• What caused the trend?

    • Can you compete (i.e., price, quality, terms of sale, features, post-sales support)?

    Here’s a hypothetical: Imagine for a moment that you sell building products and the data indicate a 5-year growth trend in Timbuktoo for exactly what you sell. Assume, too, that the data are two years out of date and that you don’t follow soccer. Little did you know that Timbuktoo hosted the World Cup two years ago and that, if you had more recent data, you’d see a drop in demand for building products once the stadium, exercise buildings, dormitories, and tourism infrastructure had been completed.

  • Submitted on 02 June 2014

    Created on June 2, 2014
     

    This post originally appeared on the Tradeology, the ITA Blog

    John Larsen is the Deputy Director of the Trade Promotion Coordinating Committee Secretariat.

    The Look South campaign is encouraging companies to seek export opportunities in Latin America.Department of Commerce data show that U.S. goods and services exports set a record for the fourth consecutive year, reaching $2.3 trillion in 2013.

    U.S. companies that export to our 11 free trade agreement partner countries in Latin America played a major role in this success. Through the Look South campaign, federal trade-promotion agencies hope to help more companies find success by taking advantage of these free trade agreements.

    In 2013, U.S. goods exports to Look South markets increased $12.5 billion to $312.6 billion – more than double the 1.7 percent rate of growth for goods exports to the rest of the world.

    This isn’t just a blip; we see a clear growth trend as market liberalization, growing middle class consumption, and diversifying industrialization by Latin American markets fuels healthy economic growth and import demand.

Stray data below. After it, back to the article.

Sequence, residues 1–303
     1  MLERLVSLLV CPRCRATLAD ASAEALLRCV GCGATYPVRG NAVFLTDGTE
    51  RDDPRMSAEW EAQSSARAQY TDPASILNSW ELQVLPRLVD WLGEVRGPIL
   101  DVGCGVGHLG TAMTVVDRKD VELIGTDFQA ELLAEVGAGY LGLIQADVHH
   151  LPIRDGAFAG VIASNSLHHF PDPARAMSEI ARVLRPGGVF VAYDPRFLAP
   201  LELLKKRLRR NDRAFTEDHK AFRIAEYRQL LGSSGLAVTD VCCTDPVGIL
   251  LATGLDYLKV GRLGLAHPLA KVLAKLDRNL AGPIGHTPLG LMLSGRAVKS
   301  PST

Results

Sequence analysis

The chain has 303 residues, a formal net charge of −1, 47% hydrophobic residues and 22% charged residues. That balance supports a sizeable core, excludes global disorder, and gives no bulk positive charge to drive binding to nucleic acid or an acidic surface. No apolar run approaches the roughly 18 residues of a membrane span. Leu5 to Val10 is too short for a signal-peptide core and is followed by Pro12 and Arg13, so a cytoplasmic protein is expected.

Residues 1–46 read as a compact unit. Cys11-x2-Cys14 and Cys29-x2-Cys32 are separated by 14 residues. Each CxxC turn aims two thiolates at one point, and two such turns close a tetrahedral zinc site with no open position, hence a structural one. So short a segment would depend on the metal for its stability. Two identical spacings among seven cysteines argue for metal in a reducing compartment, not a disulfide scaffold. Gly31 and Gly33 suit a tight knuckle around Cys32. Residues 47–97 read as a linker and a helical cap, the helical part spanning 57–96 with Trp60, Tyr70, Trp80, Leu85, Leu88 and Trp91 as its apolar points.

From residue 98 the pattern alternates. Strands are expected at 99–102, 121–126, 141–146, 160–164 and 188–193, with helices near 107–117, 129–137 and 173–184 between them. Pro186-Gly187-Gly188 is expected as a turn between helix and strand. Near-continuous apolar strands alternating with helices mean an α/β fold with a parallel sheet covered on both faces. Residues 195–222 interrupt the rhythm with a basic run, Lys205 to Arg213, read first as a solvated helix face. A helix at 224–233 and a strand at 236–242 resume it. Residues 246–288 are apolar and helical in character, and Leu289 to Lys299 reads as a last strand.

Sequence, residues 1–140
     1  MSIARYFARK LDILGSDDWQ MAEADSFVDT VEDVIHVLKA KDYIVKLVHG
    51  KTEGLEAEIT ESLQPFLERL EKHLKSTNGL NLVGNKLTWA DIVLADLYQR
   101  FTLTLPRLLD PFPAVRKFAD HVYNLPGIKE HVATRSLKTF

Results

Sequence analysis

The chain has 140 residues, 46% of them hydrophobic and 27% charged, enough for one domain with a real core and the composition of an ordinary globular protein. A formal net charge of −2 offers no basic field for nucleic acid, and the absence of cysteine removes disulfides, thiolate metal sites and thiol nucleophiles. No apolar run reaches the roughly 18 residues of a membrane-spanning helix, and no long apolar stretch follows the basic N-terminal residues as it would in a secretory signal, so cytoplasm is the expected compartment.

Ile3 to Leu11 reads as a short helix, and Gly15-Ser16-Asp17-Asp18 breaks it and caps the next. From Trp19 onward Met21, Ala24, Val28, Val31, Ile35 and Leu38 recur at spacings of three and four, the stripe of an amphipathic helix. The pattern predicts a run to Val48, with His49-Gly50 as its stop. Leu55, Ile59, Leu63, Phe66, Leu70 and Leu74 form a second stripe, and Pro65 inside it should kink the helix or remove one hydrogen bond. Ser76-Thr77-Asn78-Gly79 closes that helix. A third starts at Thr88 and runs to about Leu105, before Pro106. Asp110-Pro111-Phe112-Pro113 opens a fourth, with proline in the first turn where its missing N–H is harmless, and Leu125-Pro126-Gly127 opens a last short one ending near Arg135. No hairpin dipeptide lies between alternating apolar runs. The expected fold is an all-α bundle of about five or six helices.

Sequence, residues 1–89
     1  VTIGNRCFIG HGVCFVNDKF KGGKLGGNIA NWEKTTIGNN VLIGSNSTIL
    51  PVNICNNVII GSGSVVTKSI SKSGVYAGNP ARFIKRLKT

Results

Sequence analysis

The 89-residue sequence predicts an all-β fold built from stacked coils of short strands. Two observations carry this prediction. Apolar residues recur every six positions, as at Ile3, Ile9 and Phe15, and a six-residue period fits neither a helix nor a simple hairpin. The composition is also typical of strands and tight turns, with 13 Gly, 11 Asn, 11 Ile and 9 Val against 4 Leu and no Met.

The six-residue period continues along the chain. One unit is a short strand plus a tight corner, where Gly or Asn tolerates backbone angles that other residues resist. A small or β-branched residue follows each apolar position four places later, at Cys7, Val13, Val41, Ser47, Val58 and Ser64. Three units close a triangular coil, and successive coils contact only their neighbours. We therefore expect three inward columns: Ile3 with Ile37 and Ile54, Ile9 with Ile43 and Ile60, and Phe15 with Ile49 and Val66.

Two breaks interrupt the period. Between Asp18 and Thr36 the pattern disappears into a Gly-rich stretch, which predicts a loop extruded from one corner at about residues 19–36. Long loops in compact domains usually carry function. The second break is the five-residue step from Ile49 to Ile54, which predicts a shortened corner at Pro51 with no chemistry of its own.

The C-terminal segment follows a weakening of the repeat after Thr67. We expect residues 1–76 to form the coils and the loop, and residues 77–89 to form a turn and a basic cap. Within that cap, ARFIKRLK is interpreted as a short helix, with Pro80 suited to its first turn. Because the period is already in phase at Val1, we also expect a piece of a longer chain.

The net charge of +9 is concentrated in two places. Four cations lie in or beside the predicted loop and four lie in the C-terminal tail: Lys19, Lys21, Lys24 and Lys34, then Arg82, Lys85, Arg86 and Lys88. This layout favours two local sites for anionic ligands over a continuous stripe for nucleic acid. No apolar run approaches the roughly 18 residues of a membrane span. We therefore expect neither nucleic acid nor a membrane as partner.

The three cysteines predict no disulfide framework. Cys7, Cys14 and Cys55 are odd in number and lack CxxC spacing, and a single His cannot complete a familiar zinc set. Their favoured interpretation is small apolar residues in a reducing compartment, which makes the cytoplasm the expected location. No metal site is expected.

As U.S. exporters respond, the Look South markets’ share of total U.S. goods exports has steadily grown from 17 percent in 2009 to 20 percent in 2013.

  • Submitted on 20 May 2014

    Created on May 20, 2014
     

    This post originally appeared on the Commerce.gov Blog

    Warehouse - ExportingAt the Department of Commerce and the Minority Business Development Agency we are dedicated to helping more minority-owned business leverage their competitive advantage and expand their business through exports. The most recent data from the U.S. Census Bureau reveals how minority-owned firms employ nearly six million American workers and contribute one trillion dollars in annual economic output to the U.S. economy. This economic output includes significant exporting contributions. In fact, minority-owned firms are export leaders in 14 key industry sectors.

    To celebrate World Trade Month we are kicking off a blog series to highlight valuable resources and information for minority businesses looking at exporting for the first time and firms looking to expand their existing exporting efforts. 

    Here are six steps to start exporting:

    Complete an export readiness self-assessment: Find out if you have what it takes to market your products or services into the global marketplace. Provide answers to nine questions and receive advice on your exporting potential.

    Training and counseling: use online resources like webinars and training courses to learn the basics of exporting and increase your understanding of the exporting process. Access webinars and online courses from the International Trade Agency (ITA), U.S. Census Bureau Go Global Webinars, and the Small Business Administration (SBA).

Did you know...

Number of jobs created as a result of services provided by MBDA business centers during the last 5 fiscal years.
Graph for New Jobs Created

Upcoming Events

[Within 90 days]
12/03/2014 - 1:00pm - 2:00pm
12/08/2014 (All day) - 12/09/2014 (All day)
12/09/2014 (All day) - 12/11/2014 (All day)
12/10/2014 (All day) - 12/11/2014 (All day)

What MBDA Does